I’m different now in my approach. I’ve come to recognise, more than ever before, the importance of having a solid story first and foremost. It’s like steak – if the meat itself isn’t good, doesn’t matter how much sauce you pour over it. Every line, every character, every incident in a story needs to make sense as part of a bigger picture. And now that I’ve started pairing my pleasure reading with critical reading (more on that later!) I can see for myself which short stories are good stories in themselves and which ones use linguistic tricks to cover plot holes. (And you’d be surprised how many stories by ‘famous’ writers fall under the latter category.)
And the most foolproof test of whether or not a story is good boils down to one question.
Does every paragraph, every motif, every new character, tie back to a central theme that has a beginning and an end that are plausibly connected?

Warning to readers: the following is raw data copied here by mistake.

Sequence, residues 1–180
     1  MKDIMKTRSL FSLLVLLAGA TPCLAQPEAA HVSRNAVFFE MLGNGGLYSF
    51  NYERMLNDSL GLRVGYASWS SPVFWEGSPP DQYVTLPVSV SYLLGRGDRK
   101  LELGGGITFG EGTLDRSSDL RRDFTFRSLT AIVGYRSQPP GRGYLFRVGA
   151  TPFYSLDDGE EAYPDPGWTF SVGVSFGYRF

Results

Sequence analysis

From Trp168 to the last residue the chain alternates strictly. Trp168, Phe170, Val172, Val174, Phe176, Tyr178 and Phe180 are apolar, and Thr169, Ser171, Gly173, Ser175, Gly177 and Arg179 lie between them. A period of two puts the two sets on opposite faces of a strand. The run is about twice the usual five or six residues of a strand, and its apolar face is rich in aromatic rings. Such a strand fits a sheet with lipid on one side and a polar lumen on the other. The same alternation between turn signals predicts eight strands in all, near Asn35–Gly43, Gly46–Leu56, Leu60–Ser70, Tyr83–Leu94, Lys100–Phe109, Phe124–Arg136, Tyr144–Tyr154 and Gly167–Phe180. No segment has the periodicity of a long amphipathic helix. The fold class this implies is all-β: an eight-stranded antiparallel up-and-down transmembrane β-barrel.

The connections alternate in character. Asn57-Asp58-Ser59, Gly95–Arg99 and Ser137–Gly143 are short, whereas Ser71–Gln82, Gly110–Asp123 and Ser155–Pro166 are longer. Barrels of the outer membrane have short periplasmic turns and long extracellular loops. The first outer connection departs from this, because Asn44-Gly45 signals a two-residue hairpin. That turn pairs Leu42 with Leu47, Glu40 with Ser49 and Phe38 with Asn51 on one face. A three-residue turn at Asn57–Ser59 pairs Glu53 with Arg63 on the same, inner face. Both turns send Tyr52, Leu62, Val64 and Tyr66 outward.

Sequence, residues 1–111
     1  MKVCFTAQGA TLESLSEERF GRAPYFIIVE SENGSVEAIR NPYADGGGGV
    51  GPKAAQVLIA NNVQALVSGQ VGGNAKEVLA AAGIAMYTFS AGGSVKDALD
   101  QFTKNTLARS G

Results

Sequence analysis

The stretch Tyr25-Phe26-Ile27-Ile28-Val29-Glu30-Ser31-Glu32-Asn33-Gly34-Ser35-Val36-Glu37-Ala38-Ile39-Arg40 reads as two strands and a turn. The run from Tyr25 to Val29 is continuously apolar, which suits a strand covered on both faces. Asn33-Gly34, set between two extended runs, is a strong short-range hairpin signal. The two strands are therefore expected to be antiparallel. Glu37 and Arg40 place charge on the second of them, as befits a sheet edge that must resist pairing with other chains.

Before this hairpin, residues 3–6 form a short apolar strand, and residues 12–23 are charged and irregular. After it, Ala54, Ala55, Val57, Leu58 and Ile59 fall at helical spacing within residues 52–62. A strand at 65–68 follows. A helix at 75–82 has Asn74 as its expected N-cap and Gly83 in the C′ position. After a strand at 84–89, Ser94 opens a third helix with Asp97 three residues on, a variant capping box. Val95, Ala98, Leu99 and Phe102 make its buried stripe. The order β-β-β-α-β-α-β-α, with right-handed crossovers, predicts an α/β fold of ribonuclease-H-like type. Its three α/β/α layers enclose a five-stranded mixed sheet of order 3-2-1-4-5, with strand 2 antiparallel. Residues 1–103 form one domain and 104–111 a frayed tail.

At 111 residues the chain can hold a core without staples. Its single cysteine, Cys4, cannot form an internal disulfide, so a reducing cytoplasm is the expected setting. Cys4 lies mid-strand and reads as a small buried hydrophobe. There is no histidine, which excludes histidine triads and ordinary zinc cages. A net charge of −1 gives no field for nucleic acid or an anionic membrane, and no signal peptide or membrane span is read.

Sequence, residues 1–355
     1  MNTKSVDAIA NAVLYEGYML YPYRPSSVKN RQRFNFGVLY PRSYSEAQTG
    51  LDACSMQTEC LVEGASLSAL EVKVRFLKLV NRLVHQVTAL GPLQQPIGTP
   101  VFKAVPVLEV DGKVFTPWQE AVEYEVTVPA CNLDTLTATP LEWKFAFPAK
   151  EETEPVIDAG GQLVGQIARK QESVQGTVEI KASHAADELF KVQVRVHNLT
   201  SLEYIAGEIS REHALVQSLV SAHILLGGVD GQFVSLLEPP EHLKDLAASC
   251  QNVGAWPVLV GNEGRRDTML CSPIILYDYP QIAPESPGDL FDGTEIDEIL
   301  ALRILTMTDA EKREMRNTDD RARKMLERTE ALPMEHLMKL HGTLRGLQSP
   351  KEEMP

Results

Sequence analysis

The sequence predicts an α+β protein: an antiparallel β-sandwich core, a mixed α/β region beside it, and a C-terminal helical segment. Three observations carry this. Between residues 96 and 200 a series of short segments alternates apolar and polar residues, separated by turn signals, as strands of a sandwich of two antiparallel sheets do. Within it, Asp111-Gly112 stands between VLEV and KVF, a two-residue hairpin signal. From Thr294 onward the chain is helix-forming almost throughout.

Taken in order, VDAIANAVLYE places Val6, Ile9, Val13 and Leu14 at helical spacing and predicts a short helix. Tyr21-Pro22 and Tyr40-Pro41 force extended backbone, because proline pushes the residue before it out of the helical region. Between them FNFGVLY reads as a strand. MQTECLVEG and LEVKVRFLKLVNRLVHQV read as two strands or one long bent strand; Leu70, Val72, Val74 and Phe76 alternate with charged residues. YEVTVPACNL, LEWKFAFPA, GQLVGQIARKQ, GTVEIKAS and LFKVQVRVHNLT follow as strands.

And the same applies to anything that you are writing.
If you’re new to approaching your fiction this way, there are two ways you can get started.
The first way is to write out a summary of the story as you envision it. Keep it to one page and focus only on the sequence of events, not on any linguistic devices or motivations the characters might have. Then, read the summary through and ask yourself whether it makes sense as a story. Does every incident follow as a consequence of the previous one? Do the hints given throughout the story resolve themselves properly at the end? Are the characters’ actions consistent with who they are as people? Remember, this is about having a plot that works. It doesn’t matter how Nabokovian your language is, if your story doesn’t make sense it won’t work. If you find that your summary isn’t quite as strong as it could be, take a step back and figure out what you’re trying to say with the story and how you want things to work out at the end. Once you have that in place, you can move on to writing it prettily.